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Ebook The Twelve & Other Poems by Alexander Blok read! Book Title: The Twelve & Other Poems
Date of issue: 1971
ISBN: 0413271900
ISBN 13: 9780413271907
The author of the book: Alexander Blok
Language: English
Format files: PDF
The size of the: 691 KB
Edition: gnomon

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Translator's Note:
"Aleksandr Blok (1880-1921) wrote this poem in 1918, after the Russian October Revolution, in four January days during the Civil War. In his diary he says he wrote it 'in harmony with the elements...perhaps all political sentiment is so unclean that a single drop of it poisons and renders worthless all the rest; but perhaps, again, it does not destroy the meaning of the poem; and, who knows, perhaps it will in the end prove a ferment, resurrecting The Twelve for another time than ours.' The poem is a unique work, even for Blok himself. The three shorter poems included here will give at least a faint idea (I hope) of the quiet, Symbolist-Romantic flavor of most of Blok's other work." - Anselm Hollo

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Ebook The Twelve & Other Poems read Online! Blok (Russian: Александр Александрович Блок) was born in Saint Petersburg, into a sophisticated and intellectual family. Some of his relatives were men of letters, his father being a law professor in Warsaw, and his maternal grandfather the rector of Saint Petersburg State University. After his parents' separation, Blok lived with aristocratic relatives at the Shakhmatovo manor near Moscow, where he discovered the philosophy of Vladimir Solovyov, and the verse of then-obscure 19th-century poets, Fyodor Tyutchev and Afanasy Fet. These influences would be fused and transformed into the harmonies of his early pieces, later collected in the book Ante Lucem.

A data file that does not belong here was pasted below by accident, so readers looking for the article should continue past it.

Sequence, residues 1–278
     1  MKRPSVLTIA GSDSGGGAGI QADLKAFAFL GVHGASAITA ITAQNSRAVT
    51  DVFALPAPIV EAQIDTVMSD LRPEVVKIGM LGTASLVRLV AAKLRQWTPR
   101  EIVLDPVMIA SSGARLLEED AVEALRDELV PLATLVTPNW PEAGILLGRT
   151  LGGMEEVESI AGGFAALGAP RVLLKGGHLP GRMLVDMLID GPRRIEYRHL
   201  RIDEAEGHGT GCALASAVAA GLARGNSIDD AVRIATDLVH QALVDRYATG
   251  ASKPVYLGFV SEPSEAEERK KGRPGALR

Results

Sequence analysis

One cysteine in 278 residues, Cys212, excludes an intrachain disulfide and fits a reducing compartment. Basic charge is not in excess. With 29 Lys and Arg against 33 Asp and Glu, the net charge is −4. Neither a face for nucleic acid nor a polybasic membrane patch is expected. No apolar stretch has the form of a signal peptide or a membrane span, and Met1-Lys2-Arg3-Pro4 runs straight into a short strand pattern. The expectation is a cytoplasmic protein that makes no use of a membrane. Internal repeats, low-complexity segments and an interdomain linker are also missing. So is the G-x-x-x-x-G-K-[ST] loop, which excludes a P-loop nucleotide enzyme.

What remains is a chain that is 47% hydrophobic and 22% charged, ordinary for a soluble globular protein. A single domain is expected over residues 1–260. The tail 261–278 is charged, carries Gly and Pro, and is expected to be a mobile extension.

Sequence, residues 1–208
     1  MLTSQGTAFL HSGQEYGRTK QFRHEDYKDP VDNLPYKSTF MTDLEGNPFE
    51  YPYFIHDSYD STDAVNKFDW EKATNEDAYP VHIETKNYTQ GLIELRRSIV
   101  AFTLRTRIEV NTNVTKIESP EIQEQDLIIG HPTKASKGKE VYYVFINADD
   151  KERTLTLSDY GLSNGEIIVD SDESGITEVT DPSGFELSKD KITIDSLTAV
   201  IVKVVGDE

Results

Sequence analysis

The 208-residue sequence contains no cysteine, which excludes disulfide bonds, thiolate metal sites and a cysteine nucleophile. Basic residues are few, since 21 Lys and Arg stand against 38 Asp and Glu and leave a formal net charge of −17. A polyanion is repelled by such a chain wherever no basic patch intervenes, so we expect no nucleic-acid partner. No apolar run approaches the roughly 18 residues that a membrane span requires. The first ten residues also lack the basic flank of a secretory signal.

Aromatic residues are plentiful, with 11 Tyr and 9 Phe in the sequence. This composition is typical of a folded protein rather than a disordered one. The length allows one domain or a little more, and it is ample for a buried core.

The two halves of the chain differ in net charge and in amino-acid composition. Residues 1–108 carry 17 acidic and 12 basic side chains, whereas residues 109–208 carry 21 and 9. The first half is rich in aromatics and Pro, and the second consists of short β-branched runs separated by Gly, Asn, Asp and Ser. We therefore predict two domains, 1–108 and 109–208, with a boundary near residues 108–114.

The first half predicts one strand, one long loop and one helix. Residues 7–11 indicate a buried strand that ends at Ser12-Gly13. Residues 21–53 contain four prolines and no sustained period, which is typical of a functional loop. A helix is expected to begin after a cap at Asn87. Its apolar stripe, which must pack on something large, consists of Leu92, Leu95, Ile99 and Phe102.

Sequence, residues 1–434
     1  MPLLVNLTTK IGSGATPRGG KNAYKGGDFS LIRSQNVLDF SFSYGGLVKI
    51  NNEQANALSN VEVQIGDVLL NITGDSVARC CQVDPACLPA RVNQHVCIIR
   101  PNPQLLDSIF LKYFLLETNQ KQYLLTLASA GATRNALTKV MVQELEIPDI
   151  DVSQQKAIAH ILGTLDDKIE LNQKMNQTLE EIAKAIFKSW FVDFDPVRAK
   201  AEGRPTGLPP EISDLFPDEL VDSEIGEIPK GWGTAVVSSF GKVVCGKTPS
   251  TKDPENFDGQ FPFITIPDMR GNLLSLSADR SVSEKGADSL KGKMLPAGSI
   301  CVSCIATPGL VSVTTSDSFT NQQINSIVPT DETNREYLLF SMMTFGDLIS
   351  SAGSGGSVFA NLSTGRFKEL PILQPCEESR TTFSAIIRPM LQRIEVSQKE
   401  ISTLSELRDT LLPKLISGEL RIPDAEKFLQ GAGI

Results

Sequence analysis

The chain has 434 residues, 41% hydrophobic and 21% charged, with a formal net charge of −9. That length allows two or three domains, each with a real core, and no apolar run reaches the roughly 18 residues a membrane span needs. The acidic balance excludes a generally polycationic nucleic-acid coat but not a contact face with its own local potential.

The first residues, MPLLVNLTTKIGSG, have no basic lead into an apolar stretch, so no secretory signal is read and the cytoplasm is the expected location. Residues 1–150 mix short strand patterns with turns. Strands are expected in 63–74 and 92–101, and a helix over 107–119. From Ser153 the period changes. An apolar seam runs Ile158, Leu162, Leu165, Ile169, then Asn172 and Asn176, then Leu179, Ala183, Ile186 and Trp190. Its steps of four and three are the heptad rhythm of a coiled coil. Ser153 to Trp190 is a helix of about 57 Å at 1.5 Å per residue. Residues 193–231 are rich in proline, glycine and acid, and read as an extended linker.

He fell in love with Lyubov (Lyuba) Dmitrievna Mendeleeva (daughter of the renowned chemist Dmitri Mendeleev) and married her in 1903. Later, she would involve him in a complicated love-hate relationship with his fellow Symbolist Andrey Bely. To Lyuba he dedicated a cycle of poetry that brought him fame, Stikhi o prekrasnoi Dame (Verses About the Beautiful Lady, 1904). In it, he transformed his humble wife into a vision of the feminine soul and eternal womanhood (The Greek Sophia of Solovyov's teaching). Blok's few relatives currently live in Moscow, Riga, Rome and England.

During the last period of his life, Blok concentrated primarily on political themes, pondering the messianic destiny of his country (Vozmezdie, 1910-21; Rodina, 1907-16; Skify, 1918). Influenced by Solovyov's doctrines, he was full of vague apocalyptic apprehensions and often vacillated between hope and despair. "I feel that a great event was coming, but what it was exactly was not revealed to me," he wrote in his diary during the summer of 1917. Quite unexpectedly for most of his admirers, he accepted the October Revolution as the final resolution of these apocalyptic yearnings.

By 1921 Blok had become disillusioned with the Russian Revolution. He did not write any poetry for three years. Blok complained to Maksim Gorky that he had given up his "faith in the wisdom of humanity". He explained to his friend Korney Chukovsky why he could not write poetry any more: "All sounds have stopped. Can't you hear that there are no longer any sounds?".[2]. Within a few days Blok became sick. His doctors requested him to be sent for medical treatment abroad, but he was not allowed to leave the country. Gorky pleaded for a visa. On 29 May 1921, he wrote to Anatoly Lunacharsky: "Blok is Russia's finest poet. If you forbid him to go abroad, and he dies, you and your comrades will be guilty of his death". Blok received permission only on 10 August, after his death.[2]

Several months earlier, Blok had delivered a celebrated lecture on Pushkin, whom he believed to be an iconic figure capable of uniting White and Red Russia. His death and the execution of his fellow poet Nikolai Gumilev by Cheka in 1921 were seen by many as the end of the entire generation of Russians [2]. Nina Berberova, then a young girl, recalled about the mood at his funeral: "I was suddenly and sharply orphaned... The end is coming. We are lost."

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